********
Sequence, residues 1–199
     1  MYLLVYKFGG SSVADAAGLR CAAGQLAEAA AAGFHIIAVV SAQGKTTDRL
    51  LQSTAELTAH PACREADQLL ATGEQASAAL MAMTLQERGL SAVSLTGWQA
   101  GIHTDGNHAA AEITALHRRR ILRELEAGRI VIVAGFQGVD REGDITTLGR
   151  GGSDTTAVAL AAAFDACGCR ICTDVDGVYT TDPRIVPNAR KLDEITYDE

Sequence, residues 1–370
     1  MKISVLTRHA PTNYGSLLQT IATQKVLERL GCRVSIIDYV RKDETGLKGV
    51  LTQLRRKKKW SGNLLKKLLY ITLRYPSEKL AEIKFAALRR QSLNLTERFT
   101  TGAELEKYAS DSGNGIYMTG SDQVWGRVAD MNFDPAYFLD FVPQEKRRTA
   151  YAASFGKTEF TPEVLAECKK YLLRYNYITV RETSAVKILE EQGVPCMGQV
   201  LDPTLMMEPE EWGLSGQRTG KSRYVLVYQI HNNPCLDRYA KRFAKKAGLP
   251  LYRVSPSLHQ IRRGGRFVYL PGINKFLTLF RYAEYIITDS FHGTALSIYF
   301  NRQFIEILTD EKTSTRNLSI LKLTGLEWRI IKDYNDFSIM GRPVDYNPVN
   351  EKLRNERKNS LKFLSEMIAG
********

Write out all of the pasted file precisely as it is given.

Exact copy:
Sequence, residues 1–199
     1  MYLLVYKFGG SSVADAAGLR CAAGQLAEAA AAGFHIIAVV SAQGKTTDRL
    51  LQSTAELTAH PACREADQLL ATGEQASAAL MAMTLQERGL SAVSLTGWQA
   101  GIHTDGNHAA AEITALHRRR ILRELEAGRI VIVAGFQGVD REGDITTLGR
   151  GGSDTTAVAL AAAFDACGCR ICTDVDGVYT TDPRIVPNAR KLDEITYDE

Sequence, residues 1–370
     1  MKISVLTRHA PTNYGSLLQT IATQKVLERL GCRVSIIDYV RKDETGLKGV
    51  LTQLRRKKKW SGNLLKKLLY ITLRYPSEKL AEIKFAALRR QSLNLTERFT
   101  TGAELEKYAS DSGNGIYMTG SDQVWGRVAD MNFDPAYFLD FVPQEKRRTA
   151  YAASFGKTEF TPEVLAECKK YLLRYNYITV RETSAVKILE EQGVPCMGQV
   201  LDPTLMMEPE EWGLSGQRTG KSRYVLVYQI HNNPCLDRYA KRFAKKAGLP
   251  LYRVSPSLHQ IRRGGRFVYL PGINKFLTLF RYAEYIITDS FHGTALSIYF
   301  NRQFIEILTD EKTSTRNLSI LKLTGLEWRI IKDYNDFSIM GRPVDYNPVN
   351  EKLRNERKNS LKFLSEMIAG